Kurt Busch Runs Steady, Finishes in Top 10 at The Glen
Published on August 8, 2017
Story and photos and video by Matt St. Jean
Watkins Glen, N.Y — Thousands of NASCAR fans flocked to Watkins Glen International for the I Love New York 355 this past weekend and Kurt Busch is one of the drivers they came to see.
2017 Daytona 500 champion, and driver of the #41 Monster Energy Ford, Kurt Busch has managed to finish in the top ten six times out of his 16 races at the Glen. His highest finish was second place in 2010. Busch aimed to best that and pick up his first victory at Central New York’s 2.45 mile track.
Preparing for the Glen
The I Love New York 355 is the 598th start of his career and Busch says he still works with his team to make sure they have the right strategy to conquer a road course. It’s a strategy that involves the pedal to left of the accelerator.
“To go up and down the hills, left and right, shift gears, but the brakes are really easy to wear out,” Busch said. “That’s going to be our focus today, to not overuse the brakes and get into trouble with it.”
Busch said his race strategy was to stay in the middle of the pack to conserve his brakes, then let the car loose in the final laps to push for the checkered flag. Before he could execute, he had to know where he would start the race.
To determine the starting position, each driver must compete in two 25-minute rounds. In the first round, the fastest 12 lap times advance. The winner of the second round will begin the race in first.
Busch got off to a fast start logging the sixth fastest time in the field. With a position in the “Fast 12,” Busch returned to his pit box with six minutes left in round 1. But as drivers continued to run laps, Busch saw his position falter and with a minute-and-a-half left he fell outside the top 12.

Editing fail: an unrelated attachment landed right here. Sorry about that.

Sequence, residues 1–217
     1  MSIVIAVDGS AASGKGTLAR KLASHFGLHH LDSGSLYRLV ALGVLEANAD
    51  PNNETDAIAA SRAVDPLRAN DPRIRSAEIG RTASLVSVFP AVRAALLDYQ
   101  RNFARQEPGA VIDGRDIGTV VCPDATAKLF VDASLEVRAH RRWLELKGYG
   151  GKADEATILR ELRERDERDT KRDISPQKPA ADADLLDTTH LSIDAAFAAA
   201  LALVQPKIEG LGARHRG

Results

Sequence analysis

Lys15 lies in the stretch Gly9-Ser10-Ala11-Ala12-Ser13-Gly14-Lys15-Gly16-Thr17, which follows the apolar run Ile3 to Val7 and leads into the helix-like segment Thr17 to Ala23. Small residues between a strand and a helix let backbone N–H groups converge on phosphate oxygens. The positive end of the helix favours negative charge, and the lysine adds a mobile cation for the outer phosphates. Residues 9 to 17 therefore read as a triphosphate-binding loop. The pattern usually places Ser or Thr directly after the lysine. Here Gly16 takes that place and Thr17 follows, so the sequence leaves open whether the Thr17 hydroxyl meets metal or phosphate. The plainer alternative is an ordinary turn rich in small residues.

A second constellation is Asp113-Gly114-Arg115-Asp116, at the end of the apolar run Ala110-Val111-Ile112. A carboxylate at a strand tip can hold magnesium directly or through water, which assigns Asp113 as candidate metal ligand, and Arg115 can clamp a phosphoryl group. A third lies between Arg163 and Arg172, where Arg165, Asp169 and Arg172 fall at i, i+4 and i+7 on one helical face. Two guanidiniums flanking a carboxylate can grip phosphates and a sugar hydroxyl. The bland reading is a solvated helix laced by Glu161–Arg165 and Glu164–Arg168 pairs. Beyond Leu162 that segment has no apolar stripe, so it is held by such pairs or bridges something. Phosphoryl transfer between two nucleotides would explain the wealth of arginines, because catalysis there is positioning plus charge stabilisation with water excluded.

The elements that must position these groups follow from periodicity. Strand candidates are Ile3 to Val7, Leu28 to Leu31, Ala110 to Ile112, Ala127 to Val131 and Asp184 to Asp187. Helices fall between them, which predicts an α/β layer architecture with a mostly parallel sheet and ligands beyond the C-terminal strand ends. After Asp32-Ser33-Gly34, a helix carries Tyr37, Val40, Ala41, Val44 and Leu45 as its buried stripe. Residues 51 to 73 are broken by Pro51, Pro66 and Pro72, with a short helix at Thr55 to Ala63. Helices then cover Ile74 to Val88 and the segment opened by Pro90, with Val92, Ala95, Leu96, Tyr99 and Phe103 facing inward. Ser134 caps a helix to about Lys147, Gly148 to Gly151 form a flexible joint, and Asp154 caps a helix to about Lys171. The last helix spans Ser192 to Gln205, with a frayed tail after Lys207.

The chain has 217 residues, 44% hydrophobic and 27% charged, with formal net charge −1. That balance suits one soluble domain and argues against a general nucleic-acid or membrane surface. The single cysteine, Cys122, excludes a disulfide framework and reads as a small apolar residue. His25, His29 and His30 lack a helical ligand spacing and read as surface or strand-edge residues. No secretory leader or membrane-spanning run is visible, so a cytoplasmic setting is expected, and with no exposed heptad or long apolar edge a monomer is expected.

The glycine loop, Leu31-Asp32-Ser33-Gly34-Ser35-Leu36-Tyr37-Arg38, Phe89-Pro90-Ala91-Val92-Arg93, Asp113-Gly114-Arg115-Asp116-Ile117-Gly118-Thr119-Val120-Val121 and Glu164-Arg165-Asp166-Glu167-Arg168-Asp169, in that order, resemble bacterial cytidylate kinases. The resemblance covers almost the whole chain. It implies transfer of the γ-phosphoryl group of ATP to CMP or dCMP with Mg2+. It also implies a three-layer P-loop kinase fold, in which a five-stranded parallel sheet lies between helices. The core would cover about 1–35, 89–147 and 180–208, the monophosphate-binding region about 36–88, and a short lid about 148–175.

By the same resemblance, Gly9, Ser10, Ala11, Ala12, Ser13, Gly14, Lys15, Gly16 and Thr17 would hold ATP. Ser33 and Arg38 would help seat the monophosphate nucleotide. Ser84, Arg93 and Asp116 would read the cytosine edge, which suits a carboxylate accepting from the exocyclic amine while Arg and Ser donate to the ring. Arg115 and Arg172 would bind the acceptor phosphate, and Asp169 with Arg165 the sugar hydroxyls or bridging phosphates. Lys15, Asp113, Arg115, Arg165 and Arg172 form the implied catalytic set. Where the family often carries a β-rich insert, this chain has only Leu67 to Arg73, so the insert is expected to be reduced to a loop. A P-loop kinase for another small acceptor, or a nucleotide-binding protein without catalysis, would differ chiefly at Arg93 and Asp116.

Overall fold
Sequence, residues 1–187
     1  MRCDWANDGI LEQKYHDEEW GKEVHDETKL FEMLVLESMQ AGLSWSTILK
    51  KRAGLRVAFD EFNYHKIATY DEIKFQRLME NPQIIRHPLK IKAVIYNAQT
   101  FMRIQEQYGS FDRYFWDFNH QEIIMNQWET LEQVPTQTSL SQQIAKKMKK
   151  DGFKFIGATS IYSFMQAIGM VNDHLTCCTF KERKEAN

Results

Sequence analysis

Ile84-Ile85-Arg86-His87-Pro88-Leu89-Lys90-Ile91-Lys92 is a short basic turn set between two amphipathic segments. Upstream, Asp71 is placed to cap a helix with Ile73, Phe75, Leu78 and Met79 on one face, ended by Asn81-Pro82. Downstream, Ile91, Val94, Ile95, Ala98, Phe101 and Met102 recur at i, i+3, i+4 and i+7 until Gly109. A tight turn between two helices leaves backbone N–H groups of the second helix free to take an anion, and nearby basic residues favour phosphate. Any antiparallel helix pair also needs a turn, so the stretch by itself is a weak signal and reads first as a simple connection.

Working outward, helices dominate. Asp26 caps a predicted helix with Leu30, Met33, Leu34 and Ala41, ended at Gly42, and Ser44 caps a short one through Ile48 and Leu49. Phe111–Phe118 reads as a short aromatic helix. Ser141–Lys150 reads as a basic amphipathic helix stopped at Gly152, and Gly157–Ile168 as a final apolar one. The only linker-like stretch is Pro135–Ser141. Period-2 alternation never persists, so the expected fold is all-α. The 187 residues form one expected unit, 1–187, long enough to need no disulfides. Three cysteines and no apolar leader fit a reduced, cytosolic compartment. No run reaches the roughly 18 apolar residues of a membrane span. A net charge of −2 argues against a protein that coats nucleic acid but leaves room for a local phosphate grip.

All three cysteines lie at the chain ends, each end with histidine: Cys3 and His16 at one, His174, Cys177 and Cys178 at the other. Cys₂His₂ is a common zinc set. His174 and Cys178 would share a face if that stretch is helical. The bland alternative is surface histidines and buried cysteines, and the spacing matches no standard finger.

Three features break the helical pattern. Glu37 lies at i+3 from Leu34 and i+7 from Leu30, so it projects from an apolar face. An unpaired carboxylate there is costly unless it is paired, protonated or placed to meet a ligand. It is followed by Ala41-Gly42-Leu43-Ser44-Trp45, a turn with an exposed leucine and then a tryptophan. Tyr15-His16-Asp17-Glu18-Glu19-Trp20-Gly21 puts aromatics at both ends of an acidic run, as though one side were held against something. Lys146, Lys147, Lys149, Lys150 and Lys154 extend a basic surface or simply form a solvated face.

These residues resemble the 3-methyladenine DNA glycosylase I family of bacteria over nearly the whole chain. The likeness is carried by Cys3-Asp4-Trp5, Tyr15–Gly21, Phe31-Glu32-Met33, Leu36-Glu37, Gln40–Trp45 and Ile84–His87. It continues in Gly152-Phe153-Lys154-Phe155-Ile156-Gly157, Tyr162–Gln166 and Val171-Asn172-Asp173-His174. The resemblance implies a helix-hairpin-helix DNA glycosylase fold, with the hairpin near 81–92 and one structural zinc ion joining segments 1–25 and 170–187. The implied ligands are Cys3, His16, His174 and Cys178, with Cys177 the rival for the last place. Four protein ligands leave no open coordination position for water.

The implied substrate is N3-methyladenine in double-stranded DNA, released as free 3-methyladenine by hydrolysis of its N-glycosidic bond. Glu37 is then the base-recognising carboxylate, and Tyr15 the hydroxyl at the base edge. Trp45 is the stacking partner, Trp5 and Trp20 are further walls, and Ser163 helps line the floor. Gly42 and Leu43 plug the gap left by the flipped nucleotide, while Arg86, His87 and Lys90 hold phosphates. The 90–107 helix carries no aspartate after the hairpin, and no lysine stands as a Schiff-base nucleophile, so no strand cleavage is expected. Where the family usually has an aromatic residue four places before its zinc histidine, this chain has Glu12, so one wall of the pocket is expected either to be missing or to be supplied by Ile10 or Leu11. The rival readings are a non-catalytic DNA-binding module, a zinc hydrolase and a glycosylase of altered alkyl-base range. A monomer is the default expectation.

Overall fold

Tires screeched into action and Busch made a desperate attempt to regain his standing. The pit crew nervously eyed the clock as the seconds ticked away, constantly looking down the home stretch for the 41 to come into view.
The seconds read zero and Busch failed to reach the start/finish line, relegating him to start the race in 18th place. The goal of first prize had just gotten a little tougher.
Drivers, Start Your Engines
The sell-out crowd at the Glen rose to its feet, cheering at the top of its lungs as the green flag dropped and the drivers punched their machines into gear with a thunderous roar.
Busch quickly moved up and maintained a 14th position during the first stage of the race (laps 1-20).
After the first stage, a majority of the cars headed into pit row to make adjustments. Busch, however, chose to stay out, moving up to sixth place to start the second stage (laps 21-40) of the race. He remained in the sixth to eighth range, lying in wait to make his final push.
The Home Stretch
The third and final stage of the race consisted of laps 41-90. Executing his strategy, Busch remained in the top ten with first place in his sights. While prior to the race, Busch had harped on conserving his brakes, it was a different variable that began to affect the drivers: fuel.
In the final laps, the I Love New York 355 became a war of attrition. With Busch in tenth place, drivers started running out of fuel and were forced to surrender their positions and pit.
Being forced to conserve fuel, Busch had to hope that drivers in front of him would continue to run out. Unfortunately for him other drivers managed to conserve enough fuel and Busch crossed the finish line in sixth place. The victory at the Glen eluded Busch yet again, but he said he wasn’t disappointed in the result.
“The race worked out exactly as we planned.” Busch said after the race. “We had to stretch fuel, a few guys ran out, finished position six. Solid day.”
What’s Next for the 41
Since Busch won at Daytona to start the year his position in NASCAR playoffs, “The Chase” is guaranteed. However, he currently sits in 14th place in the Monster Energy Cup standings with five races left before the Chase.
Next Sunday, Busch travels to Michigan International Speedway, where he’s won three times.
BONUS FOOTAGE: Winner Martin Truex, Jr.’s burnout because it ain’t a NASCAR race without one.